Now I´m leaning at the other direction, that it´s oil in the bult holes in the crank who stops the cylinder bolts to go any deeper. I had look on the exploded views on the engine i Haynes manual an the holes are closed, no opening in the bottom of the holes. So i am going to suck out the oil from the bult holes and try the cylinder bolts again.

Best regards

Martin
 

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...... The only thing i´ve found was that the headgasket sealing is damaged in some places, se picture where the orange seal is loose and out of place.......
This is the usual way that the SLS/elastomer gasket fails - the elastomer beading becomes unbonded from the stainless shim. It seems to be caused by heat (often localised overheating and due to the restricted coolant circulation). One of the most beneficial things that can be done is to use a minidrill/Dremel or similar with a small grinding attachment to remove the excess metal from the coolants holes into the head and enlarge the holes a little; this will improve flow into and through the head and significantly improve cooling).

Now I´m leaning at the other direction, that it´s oil in the bult holes in the crank who stops the cylinder bolts to go any deeper. I had look on the exploded views on the engine i Haynes manual an the holes are closed, no opening in the bottom of the holes.
I am not sure where you a finding such pictures, but the holes that the long bolts screw into are in the lower oil rail, and do go right through the oil rail casting so it definitely won't be "oil in the bolt holes" which is causing the problem. I would say it is most likely that it is dirt and other particles in the threads that is making the threads tight (some people have found that they need to work the bolts back and forth to loosen them off in the first place, due to a build up of dirt deposit on the threads which protrude below below the oil rail). It is possible that yours were similarly caked with dirt, which may have slightly damaged the threads as they were wound out.

I would start by removing them and thoroughly cleaning the bolt threads, lubricate with fresh oil and try winding them in again, but work them in both directions once they become tight and only try to go a little further as they loosen off. If this doesn't work, you will probably have to take the sump off and remove the oil rail to clean the threads properly.

Or, better still, replace the existing oil rail with the newer strengthened design.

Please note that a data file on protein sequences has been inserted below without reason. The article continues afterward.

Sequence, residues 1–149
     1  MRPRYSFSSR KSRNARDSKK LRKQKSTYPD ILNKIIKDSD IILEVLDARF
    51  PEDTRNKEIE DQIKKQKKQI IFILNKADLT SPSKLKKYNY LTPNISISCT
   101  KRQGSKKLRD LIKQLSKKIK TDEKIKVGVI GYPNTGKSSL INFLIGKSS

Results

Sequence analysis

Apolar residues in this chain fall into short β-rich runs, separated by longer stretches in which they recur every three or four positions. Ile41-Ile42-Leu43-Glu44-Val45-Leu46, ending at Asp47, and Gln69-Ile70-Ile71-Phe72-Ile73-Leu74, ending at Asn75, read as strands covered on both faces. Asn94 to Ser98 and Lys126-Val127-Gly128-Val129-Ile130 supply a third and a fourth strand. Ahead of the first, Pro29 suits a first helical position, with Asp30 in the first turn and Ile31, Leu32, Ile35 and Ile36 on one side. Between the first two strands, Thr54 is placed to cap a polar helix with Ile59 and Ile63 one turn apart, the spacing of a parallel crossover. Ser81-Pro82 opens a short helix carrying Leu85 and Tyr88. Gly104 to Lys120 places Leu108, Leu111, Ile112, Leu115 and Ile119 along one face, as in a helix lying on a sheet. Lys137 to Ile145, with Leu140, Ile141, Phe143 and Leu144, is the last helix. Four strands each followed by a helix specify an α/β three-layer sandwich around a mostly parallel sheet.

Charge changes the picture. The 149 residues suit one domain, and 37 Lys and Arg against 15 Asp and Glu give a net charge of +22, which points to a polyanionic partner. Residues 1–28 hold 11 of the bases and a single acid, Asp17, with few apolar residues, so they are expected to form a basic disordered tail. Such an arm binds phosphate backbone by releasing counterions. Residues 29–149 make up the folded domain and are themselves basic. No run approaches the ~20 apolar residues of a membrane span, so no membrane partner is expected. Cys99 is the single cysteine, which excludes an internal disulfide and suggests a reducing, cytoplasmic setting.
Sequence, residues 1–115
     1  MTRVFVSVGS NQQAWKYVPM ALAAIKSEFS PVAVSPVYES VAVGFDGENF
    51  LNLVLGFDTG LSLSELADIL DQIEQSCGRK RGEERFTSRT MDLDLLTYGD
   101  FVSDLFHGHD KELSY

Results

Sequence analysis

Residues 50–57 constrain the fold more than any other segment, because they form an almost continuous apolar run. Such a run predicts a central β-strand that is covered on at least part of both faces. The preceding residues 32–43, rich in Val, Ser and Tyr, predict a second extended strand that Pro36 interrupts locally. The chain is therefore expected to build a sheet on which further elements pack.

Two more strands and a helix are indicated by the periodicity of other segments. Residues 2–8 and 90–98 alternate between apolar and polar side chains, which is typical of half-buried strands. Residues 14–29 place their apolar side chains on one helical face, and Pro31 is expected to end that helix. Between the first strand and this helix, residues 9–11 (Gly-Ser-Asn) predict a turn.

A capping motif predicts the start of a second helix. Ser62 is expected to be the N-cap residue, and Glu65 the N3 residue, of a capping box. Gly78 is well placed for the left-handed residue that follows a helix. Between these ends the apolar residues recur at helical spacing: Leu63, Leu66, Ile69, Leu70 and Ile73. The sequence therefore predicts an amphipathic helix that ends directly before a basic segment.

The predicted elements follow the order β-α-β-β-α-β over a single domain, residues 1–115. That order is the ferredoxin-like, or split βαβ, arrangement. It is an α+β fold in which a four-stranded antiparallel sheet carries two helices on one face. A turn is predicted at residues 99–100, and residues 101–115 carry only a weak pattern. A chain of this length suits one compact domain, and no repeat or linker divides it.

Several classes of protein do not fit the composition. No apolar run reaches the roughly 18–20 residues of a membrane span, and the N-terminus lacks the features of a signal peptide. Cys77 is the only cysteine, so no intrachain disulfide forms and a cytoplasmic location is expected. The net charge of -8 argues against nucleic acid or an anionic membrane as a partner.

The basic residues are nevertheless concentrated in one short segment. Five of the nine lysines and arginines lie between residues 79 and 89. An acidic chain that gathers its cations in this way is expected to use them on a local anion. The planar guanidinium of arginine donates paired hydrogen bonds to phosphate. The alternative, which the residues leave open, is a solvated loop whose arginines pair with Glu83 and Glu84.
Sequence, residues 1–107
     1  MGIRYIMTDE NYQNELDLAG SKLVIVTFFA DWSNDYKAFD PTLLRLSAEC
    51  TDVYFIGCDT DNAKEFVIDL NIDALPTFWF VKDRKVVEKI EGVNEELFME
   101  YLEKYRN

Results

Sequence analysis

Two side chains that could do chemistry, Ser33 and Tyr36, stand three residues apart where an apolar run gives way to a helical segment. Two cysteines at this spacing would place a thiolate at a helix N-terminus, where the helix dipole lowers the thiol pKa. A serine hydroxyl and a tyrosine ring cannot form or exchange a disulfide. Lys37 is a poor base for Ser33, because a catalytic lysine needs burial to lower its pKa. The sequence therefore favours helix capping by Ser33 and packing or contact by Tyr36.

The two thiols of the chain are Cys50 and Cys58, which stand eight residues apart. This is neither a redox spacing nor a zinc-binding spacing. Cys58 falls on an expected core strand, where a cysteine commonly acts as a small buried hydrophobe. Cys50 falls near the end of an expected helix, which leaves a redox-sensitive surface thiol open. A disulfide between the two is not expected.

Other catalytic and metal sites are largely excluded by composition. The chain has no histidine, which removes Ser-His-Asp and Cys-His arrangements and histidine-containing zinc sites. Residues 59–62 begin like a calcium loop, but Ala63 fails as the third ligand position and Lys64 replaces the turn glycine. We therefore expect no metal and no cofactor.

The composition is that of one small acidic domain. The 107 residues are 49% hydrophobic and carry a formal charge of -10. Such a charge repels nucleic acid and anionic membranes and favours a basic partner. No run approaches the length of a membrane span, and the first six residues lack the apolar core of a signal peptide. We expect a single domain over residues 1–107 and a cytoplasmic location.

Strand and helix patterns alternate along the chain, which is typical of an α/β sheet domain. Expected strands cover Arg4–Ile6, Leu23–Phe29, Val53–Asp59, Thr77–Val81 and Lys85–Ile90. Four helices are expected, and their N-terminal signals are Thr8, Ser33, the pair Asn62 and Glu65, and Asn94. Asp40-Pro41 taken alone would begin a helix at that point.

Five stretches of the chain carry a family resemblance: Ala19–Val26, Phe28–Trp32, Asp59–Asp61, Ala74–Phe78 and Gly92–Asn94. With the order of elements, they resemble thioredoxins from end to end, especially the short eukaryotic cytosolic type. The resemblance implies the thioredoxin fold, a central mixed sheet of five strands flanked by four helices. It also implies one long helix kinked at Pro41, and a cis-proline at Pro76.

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rover_400_95_99
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Discussion Starter · #17 · (Edited)
Thanks Man in the car. What you say makes more sense than my speculations. I´m thinking of buying a new oil rail instead of trying to work with the original one.

What supplier of the oil rail do you recommend?

The head gasket that I am going to fit is the same model as the one thats broken from the picture above. Is this a good type och head gasket?
I see that it´s a little thick 1,2 mm, I saw anoither one that is only 0,5 mm thick, is it better to have a thinner one?

From what i can see the engine and the head looks fine, the fire rings of the motor have´t move by pressure up or down, the same little edge on all four cylinders.

Best regards!

Martin
 

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rover_400_95_99
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Discussion Starter · #18 · (Edited)
Hi have a few more questions! :)

Here are oil rails for the Rover engine: Rover 400/45 MG ZS Block, Pistons 1400 Petrol 16V K Series (rimmerbros.com)
It´s two of them (se number 7). The part no.: LCN100210NEWTO is "New take off" and as i understand it the older not modified version of the oil rale, am I right?
The part no.: LCN000140L is the newer modified modell and the genuine one. Part no.: LCN000140LP is the new modell and aftermarket one.
I want my Rover to have the best thing, is the genuine one a little bit better or what?

Which is the part I should choose?

When i change the oil rail do i need to take away the crankshaft first to be able to change the oil rale?
And do i need some more parts to change the oil rail?

Best regards!

Martin
 

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Discussion Starter · #19 ·